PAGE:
Tuesday, April 26, 2011

The real deal

Day three of the trip was easy. One leg in. Finding the hotel van was again a challenge.

Day four..go home day...was supposed to be easy. One long leg (3 hours), a 4 hour sit, and another long leg (3 hours).

First leg left on time and we landed 25 minutes early at the outstation.

[caption id="attachment_1943" align="aligncenter" width="450"] Enroute, we followed this flight all the way in. Interesting long contrail.[/caption]


We saw a problem right away as there was a company jet pulling into our gate.

They had come back for more fuel due to a reroute around weather. We were scheduled to go to the same city in a few hours. Station personell were very busy as a mainline jet came back for more fuel as well. After all the scrambling we blocked in on time.

Long sit. Weather. This outstation started having departure delays....30 minutes and increasing. The inbound plane I was to fly outbound left on time, but was scheduled to arrive 45 minutes late due to a reroute. Ugh.

Everything was delayed. Mainline flights were headed to my old base....delayed due to weather. I began worrying about my commute home.

My whole crew commuted. Our original arrival time was scheduled for 6:35PM. We all had commute flights home leaving between 7:00PM and 7:55PM. My flight was 7:55PM. Earlier in the day the 7:55PM flight had 60 open seats.

The inbound plane arrived only 10 minutes late. I saw a pilot from another airline hoping to jump seat. I told her we were full but would make sure someone was in the jump seat (there was another pilot from my airline wandering around, thought they might get it.).

Full load. The jump seater from the other airline came down. She is a Captain and used to be based locally. Due to movements she now commutes. Her husband is a First Officer for the same airline. They see each other 4-6 days a month. Ouch.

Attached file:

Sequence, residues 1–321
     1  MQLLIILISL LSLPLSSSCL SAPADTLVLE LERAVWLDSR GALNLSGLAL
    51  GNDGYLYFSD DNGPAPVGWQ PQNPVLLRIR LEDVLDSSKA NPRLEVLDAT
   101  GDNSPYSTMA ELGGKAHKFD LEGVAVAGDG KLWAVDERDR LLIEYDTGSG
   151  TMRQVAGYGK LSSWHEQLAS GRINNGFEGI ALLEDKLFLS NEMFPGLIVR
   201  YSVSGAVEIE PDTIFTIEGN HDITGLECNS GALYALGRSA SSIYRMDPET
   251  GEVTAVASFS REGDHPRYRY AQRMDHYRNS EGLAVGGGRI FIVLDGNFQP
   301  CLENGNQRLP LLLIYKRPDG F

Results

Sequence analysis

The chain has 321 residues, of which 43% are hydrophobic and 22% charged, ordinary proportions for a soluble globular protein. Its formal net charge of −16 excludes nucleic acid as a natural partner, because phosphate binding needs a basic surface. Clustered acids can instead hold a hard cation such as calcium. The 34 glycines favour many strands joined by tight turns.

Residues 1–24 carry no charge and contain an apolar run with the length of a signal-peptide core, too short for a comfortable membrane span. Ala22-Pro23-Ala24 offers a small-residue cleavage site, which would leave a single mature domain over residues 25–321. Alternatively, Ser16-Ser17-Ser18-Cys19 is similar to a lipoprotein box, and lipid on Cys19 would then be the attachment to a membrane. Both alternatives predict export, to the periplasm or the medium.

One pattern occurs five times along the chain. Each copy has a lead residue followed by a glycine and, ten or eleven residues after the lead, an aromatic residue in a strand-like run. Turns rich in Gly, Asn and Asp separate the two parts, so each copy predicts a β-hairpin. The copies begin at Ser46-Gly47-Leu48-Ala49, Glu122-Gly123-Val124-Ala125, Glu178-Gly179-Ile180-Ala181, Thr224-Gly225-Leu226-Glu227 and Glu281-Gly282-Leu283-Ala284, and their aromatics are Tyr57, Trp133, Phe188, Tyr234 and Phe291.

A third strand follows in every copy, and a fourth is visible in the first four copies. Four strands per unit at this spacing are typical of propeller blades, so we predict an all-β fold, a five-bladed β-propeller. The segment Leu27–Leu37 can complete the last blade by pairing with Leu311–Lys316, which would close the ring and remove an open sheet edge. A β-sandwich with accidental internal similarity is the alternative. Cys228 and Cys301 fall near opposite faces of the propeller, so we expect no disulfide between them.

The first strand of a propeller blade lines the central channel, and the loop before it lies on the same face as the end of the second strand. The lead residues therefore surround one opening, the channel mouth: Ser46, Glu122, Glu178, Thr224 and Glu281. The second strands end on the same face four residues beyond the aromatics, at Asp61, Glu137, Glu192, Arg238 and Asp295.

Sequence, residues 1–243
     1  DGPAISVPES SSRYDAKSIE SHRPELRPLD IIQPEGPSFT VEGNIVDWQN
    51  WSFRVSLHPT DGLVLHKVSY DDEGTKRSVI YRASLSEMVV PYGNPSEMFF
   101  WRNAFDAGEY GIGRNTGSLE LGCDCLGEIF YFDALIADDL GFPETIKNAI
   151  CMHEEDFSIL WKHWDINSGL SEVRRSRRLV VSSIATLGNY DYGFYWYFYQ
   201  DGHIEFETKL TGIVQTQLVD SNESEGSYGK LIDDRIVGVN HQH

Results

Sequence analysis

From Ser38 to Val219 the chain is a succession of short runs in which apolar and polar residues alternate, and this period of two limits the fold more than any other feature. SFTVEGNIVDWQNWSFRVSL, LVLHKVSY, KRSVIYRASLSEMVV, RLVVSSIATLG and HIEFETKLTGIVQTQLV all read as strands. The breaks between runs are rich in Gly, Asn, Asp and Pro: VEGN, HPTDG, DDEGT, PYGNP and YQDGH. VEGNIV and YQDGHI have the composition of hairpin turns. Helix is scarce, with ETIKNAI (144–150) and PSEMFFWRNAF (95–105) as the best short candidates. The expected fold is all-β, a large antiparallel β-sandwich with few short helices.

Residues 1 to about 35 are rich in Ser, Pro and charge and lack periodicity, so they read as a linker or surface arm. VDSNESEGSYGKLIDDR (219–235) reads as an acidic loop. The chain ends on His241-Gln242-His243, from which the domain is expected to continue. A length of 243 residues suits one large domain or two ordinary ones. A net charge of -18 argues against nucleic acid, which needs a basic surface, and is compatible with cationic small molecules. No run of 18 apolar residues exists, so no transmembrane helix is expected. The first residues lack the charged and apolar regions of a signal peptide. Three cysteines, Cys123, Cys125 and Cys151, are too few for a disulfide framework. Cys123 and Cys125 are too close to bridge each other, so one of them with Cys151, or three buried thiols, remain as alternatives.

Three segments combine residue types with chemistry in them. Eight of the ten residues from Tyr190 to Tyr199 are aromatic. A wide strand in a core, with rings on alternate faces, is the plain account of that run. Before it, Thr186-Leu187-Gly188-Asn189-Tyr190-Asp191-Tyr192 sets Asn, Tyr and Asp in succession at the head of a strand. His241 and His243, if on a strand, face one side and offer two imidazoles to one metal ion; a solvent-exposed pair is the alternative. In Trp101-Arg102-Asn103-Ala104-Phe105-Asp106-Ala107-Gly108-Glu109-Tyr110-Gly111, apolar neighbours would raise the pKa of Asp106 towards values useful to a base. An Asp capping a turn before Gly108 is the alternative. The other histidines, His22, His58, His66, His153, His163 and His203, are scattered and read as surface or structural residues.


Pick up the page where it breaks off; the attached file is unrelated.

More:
It took 30 minutes to push off the gate (the doors were closed so we were on the clock). Min takeoff fuel was 12,007 pounds. Yes the 7 pounds mattered. At the gate we had 12,450 pounds on board. Not a lot of room considering an engine at idle burns 600 per hour. At the time we had just the APU on which burns 135 pounds per hour.

Once we pushed we taxied to the runway and were number 8 in line. Takeoff delays due to weather. ATC required 15 miles seperation...so about 5 minutes per plane.

Running on one engine we shut the APU down. After 20 minutes we were down to 12,100 pounds. The Captain worked the fuel numbers again and asked dispatch to decrease min takeoff to 11,800 by using a buffer fuel that was on board. Done.

After being instructed to "line up and wait" we had 12,010 pounds on board.....it had been almost an hour since the passenger door had closed.  Away we went.

A straight line between the two airports would mean flying directly east. Due to weather we had to fly  230 miles southwest and then turn around the storm to go east.

Our arrival time was estimated at 7:30PM. Not great.

The ride over the top of the storm was rough, constant light turbulence with occasional moderate turbulence.

An hour out the Captain needed to go to the lav...as did the jump seater. Captain went first. After he came back we were given a hold. That meant I had to go as I didn't want to risk being stuck in holds for a long time.

While waiting for the lav a passenger asked, "how many pilots are up in the cockpit?" I said I was the last one..."we are playing musical chairs." They laughed.

First EFC time was 30 minutes long. Thankfully we had plenty of hold fuel onboard. We held for 15 minutes then rejoined the arrival. A few minutes later we were given another hold....for 20 minutes.

Finally vectored in albeit slowly at 170 knots. Instructed to join the localizer 20 miles out and hold 170 knots till the FAF. Planes were spaced 3 miles apart.